With this disc, Vladimir Ashkenazy, celebrated for his readings of Rachmaninoff and Chopin, and his son, Vovka, take on music by Debussy and Ravel for two pianos, and the results, utterly unlike virtually anything Ashkenazy père has ever recorded before, make it a real winner. From the electric excitement of the opening En blanc et noir, through the hazy mysteries of Jeux, and the luminous colors of the Rapsodie espagnole, to the inexorable hysteria of La Valse, Ashkenazy père and fils turn in performances that match the music for poise, drive, and technical brilliance. Some might find their sonorities a bit hard-edged at points – should the opening of En blanc et noir and the close of La Valse really be hit so strongly? – but the results are so consistently thrilling that most listeners are likely to be swept away. Recorded in close but clear and vivid digital sound, this disc may not be for every Debussy and Ravel fan, but it should certainly appeal to fans of Ashkenazy.
Andras Schiff and Peter Serkin, internationally celebrated and multi-award winning classical soloists, make their New Series debuts with Music for Two Pianos. Regarded as 2 of the greatest pianists of our time, Schiff and Serkin are very seldom heard - as they are here - as piano duo. With this recording, ECM begins a long-term relationship with Andras Schiff, a musician described by Gramophone magazine as "a unique poetic voice among the pianists".
Martha Argerich’s long career has taken in many outstanding solo performances, but she has often professed to feeling ‘lonely’ on stage. This CD showcases the area in which she feels truly at home: her extensive and fruitful collaborations with other first-class musicians. Among the many younger pianists she has taken under her wing at her academy in Lugano are Lilya Zilberstein, who rose to fame in the 1990s and whose sparkling playing is also featured on this disc, as well as Nelson Goerner, whose collaboration with Argerich in Rachmaninov’s nostalgic Symphonic Dances is released here for the first time.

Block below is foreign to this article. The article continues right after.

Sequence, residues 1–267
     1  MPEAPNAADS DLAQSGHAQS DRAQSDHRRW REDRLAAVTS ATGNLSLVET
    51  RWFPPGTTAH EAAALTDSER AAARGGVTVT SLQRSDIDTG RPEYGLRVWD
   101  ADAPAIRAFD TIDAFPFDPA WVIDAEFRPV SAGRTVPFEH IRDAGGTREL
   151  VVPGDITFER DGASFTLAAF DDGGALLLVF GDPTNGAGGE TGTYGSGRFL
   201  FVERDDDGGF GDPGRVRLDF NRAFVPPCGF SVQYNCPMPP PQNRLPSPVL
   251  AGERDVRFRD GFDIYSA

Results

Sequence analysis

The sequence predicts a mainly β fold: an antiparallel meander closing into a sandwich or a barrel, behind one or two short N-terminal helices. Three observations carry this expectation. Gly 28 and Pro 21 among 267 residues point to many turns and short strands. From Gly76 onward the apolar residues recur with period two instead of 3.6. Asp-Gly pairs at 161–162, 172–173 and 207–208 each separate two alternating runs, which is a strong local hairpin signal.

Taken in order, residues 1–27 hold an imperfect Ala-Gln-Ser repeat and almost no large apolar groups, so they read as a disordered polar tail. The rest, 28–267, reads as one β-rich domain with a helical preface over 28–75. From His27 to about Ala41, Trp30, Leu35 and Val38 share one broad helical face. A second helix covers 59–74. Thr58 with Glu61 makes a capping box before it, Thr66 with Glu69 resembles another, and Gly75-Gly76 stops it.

Born in Caracas, Reynaldo Hahn moved with his family to Paris at the age of three. There he studied at the Conservatoire under Massenet and made a particular impression with his songs, which he sang himself, to his own piano accompaniment. His interest in the theatre led to his appointment in 1945 as director of the Paris Opéra. Chamber music by Hahn includes the works for two pianos recorder here, two string quartets and a piano quintet that stands comparison with Fauré.
That Arensky is one of the most influential figures in the promotion of two-piano music cannot be doubted. In addition to his four Suites for two pianos he also composed two sets of pieces for piano duet, later arranging one of them, his Children’s Suite of eight canons, Op 65, also for two pianos. Like all the best examples of two-piano music, Arensky’s Suites make no compromises on the technical demands made of the performers, and balancing Arensky’s gossamer-like embellishments and elaborations can sometimes seem an almost impossible task in itself.
Friedrich Gulda was frequently called "eccentric," mainly because he was one of those rare musicians who could see the connections between classical music and jazz, and because he could perform equally well in both arenas. Joe Zawinul is another pianist who "gets" it, and he and Gulda frequently collaborated. This recording is from two concerts they did together in May 1988 at one of Gulda's festivals, and it tries to straddle the line between classical and jazz.